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Re: [Linux-cluster] File system slow & crash



Hi,

On Thu, 2010-04-22 at 02:29 +0700, Somsak Sriprayoonsakul wrote:
> Just notice that, on a node it is using kernel version
> 2.6.18-164.15.1.el5. Don't sure if the difference has any effect.
> 
> On Thu, Apr 22, 2010 at 2:27 AM, Somsak Sriprayoonsakul
> <somsaks gmail com> wrote:
>         Hello,
>         
>         We are using GFS2 on 3 nodes cluster, kernel
>         2.6.18-164.6.1.el5, RHEL/CentOS5, x86_64 with 8-12GB memory in
>         each node. The underlying storage is HP 2312fc smart array
>         equipped with 12 SAS 15K rpm, configured as RAID10 using 10
>         HDDs + 2 spares. The array has about 4GB cache. Communication
>         is 4Gbps FC, through HP StorageWorks 8/8 Base e-port SAN
>         Switch.
>         
>         Our application is apache version 1.3.41, mostly serving
>         static HTML file + few PHP. Note that, we have to downgrade to
>         1.3.41 due to application requirement. Apache was configured
>         with 500 MaxClients. Each HTML file is placed in different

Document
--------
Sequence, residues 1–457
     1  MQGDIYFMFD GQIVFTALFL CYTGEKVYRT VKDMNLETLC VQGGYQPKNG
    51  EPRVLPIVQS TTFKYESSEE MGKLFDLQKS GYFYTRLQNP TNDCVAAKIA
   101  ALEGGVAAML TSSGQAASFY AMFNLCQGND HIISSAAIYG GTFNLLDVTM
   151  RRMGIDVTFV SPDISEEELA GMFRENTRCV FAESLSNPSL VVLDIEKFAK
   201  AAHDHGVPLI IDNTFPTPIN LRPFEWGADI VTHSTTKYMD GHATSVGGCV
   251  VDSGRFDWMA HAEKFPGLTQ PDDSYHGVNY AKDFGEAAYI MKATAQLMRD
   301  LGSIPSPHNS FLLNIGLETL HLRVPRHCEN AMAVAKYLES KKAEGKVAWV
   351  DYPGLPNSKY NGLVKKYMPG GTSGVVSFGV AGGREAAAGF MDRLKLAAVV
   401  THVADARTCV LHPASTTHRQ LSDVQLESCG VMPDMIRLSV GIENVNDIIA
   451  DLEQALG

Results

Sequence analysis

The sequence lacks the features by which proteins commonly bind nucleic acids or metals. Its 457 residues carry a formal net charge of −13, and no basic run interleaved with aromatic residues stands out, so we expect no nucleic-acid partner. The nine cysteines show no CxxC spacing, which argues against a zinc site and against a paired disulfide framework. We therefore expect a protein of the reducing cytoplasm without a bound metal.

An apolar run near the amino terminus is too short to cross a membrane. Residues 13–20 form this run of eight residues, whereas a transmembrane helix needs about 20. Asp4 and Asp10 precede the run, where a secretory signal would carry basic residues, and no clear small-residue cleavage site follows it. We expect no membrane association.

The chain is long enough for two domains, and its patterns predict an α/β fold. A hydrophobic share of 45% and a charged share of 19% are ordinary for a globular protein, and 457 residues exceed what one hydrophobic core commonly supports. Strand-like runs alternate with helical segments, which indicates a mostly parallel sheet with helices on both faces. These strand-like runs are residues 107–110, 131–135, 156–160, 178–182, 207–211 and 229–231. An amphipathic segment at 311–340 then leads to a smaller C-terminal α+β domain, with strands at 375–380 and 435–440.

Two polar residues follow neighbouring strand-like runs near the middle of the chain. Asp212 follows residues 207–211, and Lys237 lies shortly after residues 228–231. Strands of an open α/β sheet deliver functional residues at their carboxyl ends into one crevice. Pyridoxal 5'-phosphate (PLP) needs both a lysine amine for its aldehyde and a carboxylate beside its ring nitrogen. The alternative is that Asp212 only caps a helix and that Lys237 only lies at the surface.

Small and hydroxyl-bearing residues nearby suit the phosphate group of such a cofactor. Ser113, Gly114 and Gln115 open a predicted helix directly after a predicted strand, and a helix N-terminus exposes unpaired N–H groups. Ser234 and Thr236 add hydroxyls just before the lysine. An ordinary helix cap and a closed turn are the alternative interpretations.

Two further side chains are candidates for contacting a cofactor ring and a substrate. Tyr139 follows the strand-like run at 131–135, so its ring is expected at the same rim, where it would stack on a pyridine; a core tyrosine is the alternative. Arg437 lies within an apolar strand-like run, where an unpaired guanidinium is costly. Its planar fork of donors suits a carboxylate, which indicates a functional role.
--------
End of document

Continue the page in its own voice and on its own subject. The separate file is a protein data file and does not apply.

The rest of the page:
>         directory. The PHP script modify HTML file and do some locking
>         prior to HTML modification. We use round-robin DNS to load
>         balance between each web server.
>         
Is the PHP script creating new html files (and therefore also new
directories) or just modifying existing ones?

Ideally you'd set up the system so that all accesses to a particular
html file all go to the same node under normal circumstances and only
fail over to a different node in the case of that particular node
failing. That way you will ensure locality of access under normal
conditions and thus get the maximum benefit from the cluster filesystem.

>From your description I suspect that its the I/O pattern across nodes
which is causing the main problem which you describe. I suspect that the
DNS round robin is making the situation worse since it will be
effectively randomly assigning requests to nodes.

Having said that, killing processes using GFS2 or trying to umount it
should not cause an oops. The kill maybe ignored for processes in
'D' (uninterruptible sleep) and likewise the umount may fail with
-EBUSY, but any oops is a bug. Please report it via Red Hat's bugzilla.

Using the num_glockd= command line parameter is not recommended with
GFS2 (in fact it doesn't exist/is ignored in more recent versions) and
setting data=writeback may or may not actually improve performance (it
depends upon the individual workload) but it does increase the
possibility of seeing corrupt data if there is a crash. I would
generally caution against using data=writeback except in very special
cases.

Steve.






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